The Magazine of Ethiopian Airlines
24 Hours

24 Hours in Tokyo

Balancing tradition with tomorrow.

Long boasting the largest metropolitan area in the world, Tokyo is a city in constant motion. The bustling capital of Japan connects the past with the future, as centuries-old shrines stand only steps away from smartphone stores with robots for employees. It’s always in flux, and the 2020 Olympics promise to reshape the city even more drastically. But for all the change, Tokyo makes sure to not lose tradition as it speeds toward tomorrow.

Despite its size, getting around Tokyo is a relatively easy process. Head to any train or subway station in the capital and buy a PASMO card, which you can put money on (and thus not have to worry about calculating fare every trip). PASMOs can also be acquired at Narita Airport.

David Doran of Bernstein & Andriulli

9 a.m.

Timing it just right to avoid morning rush hour, hop on the Tokyo Metro Oedo Line to Tsukijishijo Station to check out the mammoth ① Tsukiji Fish Market. The largest seafood market in the world will move to a new location next year, due to the Olympics, so the best time to visit and take in its colorful offerings is now. Plus, the surrounding area features dozens of sushi restaurants open for breakfast, serving food right from the market. Head to block 10 to find ② Sushi Maru, offering mouthwatering sushi plates and tekka donburi (top-notch tuna on rice) with little wait time.

10:30 a.m.

Get back on the Oedo Line and head to Kuramae Station. Exit out A3 and enjoy a calm walk down Kokusai Dori until you hit ③ Kakimori — a stationery store selling some of the nicest pens and paper in the city; you can even order your own customized notebook, ready in five minutes. Afterward, enjoy a creamy latte at ④ Sol’s Coffee, conveniently located right next to ⑤ Kuramae Shrine — a small, tree-lined shrine in the neighborhood that offers a nice place to relax.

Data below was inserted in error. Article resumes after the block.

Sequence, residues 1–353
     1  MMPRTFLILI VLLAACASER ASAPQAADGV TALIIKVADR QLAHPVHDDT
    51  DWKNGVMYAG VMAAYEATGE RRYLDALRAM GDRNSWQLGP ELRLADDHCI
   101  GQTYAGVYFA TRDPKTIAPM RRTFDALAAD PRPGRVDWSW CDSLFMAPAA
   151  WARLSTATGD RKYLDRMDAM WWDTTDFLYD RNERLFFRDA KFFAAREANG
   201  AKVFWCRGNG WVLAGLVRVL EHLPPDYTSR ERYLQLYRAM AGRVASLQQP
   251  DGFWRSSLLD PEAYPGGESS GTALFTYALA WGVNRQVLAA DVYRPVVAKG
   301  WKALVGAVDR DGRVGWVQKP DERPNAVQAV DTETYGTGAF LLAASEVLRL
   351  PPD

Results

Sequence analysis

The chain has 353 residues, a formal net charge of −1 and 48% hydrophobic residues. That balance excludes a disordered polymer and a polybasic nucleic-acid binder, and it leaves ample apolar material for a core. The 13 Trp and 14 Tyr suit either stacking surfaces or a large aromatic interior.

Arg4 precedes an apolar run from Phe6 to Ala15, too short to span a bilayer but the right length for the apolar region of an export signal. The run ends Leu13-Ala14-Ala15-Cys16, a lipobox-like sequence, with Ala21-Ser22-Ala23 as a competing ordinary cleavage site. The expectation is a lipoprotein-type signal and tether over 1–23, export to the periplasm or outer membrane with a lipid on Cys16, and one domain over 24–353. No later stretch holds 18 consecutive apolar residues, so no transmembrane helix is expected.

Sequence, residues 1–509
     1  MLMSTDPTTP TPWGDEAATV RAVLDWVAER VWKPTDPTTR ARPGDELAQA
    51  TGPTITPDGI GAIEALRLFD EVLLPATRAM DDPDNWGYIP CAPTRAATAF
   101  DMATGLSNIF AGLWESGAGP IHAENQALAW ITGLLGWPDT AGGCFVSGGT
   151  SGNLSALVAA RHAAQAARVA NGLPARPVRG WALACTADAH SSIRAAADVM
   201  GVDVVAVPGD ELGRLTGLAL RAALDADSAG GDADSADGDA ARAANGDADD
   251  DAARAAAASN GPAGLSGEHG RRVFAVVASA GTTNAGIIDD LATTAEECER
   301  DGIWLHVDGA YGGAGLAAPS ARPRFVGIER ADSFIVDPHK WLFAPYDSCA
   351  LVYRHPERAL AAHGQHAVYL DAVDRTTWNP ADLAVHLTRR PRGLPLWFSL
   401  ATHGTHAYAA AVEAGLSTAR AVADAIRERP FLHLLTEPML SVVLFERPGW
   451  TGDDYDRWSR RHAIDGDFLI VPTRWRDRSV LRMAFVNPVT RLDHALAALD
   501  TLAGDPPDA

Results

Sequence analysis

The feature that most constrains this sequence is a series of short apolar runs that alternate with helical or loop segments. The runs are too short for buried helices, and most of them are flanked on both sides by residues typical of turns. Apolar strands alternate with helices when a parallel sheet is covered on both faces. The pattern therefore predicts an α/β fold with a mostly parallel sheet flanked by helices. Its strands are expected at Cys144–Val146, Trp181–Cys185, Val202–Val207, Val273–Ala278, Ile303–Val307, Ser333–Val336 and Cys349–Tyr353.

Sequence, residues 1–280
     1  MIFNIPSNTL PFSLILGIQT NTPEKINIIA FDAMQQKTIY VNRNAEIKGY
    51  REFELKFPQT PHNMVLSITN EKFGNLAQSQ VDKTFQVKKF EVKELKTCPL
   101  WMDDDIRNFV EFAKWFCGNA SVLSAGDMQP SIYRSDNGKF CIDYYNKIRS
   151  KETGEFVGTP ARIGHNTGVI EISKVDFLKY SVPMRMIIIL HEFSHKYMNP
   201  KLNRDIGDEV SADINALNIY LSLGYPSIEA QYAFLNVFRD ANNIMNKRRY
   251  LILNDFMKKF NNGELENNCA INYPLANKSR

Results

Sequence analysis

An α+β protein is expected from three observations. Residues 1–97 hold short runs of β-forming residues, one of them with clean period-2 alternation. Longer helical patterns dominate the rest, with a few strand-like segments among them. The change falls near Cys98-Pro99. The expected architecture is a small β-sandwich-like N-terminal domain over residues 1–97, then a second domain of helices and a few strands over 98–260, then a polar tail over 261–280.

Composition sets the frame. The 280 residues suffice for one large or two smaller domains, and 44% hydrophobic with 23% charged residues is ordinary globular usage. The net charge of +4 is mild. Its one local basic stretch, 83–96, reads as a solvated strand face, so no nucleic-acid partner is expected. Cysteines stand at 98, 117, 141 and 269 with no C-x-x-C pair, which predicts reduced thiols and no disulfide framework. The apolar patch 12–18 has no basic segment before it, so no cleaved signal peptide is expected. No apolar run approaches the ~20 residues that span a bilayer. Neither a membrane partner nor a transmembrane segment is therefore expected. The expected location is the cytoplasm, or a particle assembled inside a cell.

Inspired by the Eiffel Tower in Paris, the Tokyo Tower is a functioning communications tower and the second tallest building in the city.

12 p.m.

Continue along Kokusai Dori for 20 minutes, enjoying the laid-back vibes of this part of Tokyo before reaching Asakusa Station. The highlight is ⑥ Senso-ji, the city’s biggest temple and one of the most spiritually significant in the country. It’s easy to reach from the station — just look for the towering orange entry gate. Walk down the temple’s shopping street, checking out all the traditional Japanese goods for sale, and make sure to throw an extra five-yen coin into the saisen-bako at the end of the road — it shows your appreciation for divine favors.

2 p.m.

Return to Asakusa Station and board the Ginza Line for a 30-minute jaunt to Shibuya, one of the liveliest neighborhoods in the capital. Enjoy delicious yakitori (grilled chicken on skewers) at ⑦ Toritake, a perfect — and affordable — lunch spot.

3:30 p.m.

Belly now full, either catch the Ginza Line up one stop to Meiji-jingumae Station or walk down Aoyama Dori to get to the ⑧ Meiji Jingu Shrine. Despite being a skip from Tokyo’s trendiest district, this tree-sheltered area feels thousands of miles away from the capital’s usual hustle. For 500 yen, you can access the gyoen, a peaceful garden with an array of lush plants and streams around which to recharge.

5 p.m.

Harajuku, the nation’s fashion capital, lies a couple minutes away from the shrine. Start at ⑨ 6% Dokidoki, ground zero for the colorful kawaii school of fashion — emphasizing color and mismatched combinations. Then, for more variety, head to the multistory Laforet, a fashion mall featuring both technicolor kawaii duds and less bright offerings from some of the world’s leading brands.

Also not to be missed is ⑩ Kiddyland, a toy store specializing in merchandise related to every cuddly Japanese character ever created. Perfect for kids, or adults, eager to collect all Hello Kitty goods under the sun.

7:00 p.m.

Backtrack to JR Harajuku Station, board a Yamanote Line train and head toward Shinjuku. Exit out the west gate and venture into the maze-like stretch of arcades, electronic stores and restaurants. Not far from the turnstiles you’ll find ⑪ Shinkoyo, one of the neighborhood’s best ramen joints. Each bowl of noodles comes topped with your choice of fried chicken or tonkatsu (fried pork), making for a hearty meal. Top it all off with a high-quality Japanese beer, such as the hard-to-find Asahi Premium Beer Jukusen.

Nearly every region in Japan boasts its own variation of ramen, a noodle soup dish.

8:30 p.m.

A long day out in the city calls for a relaxing bath. Jump on the JR Chuo-Sobu Line at Shinjuku Station to get to Iidabashi. Head out exit B3, walk down Waseda Dori and you’ll end up at ⑫ Atami-yu, one of the capital’s finest sento, or public baths. These venues have been around for centuries and can be just as crowded today as they were in the 1600s; few, however, feature a giant painting of Mt. Fuji — the perfect backdrop against which to unwind.

10:00 p.m.

As night settles in, return to Iidabashi Station, get on the familiar Oedo line and ride to Shiodome Station. Leave through exit 7 and you’ll reach ⑬ Park Hotel Tokyo. The hotel’s Art Colours series features 18 rooms, each designed by a different Japanese artist. Before you retire, head on up to the 25th floor to enjoy a nightcap at The Society bar, bringing your day in the busy capital to a quiet close.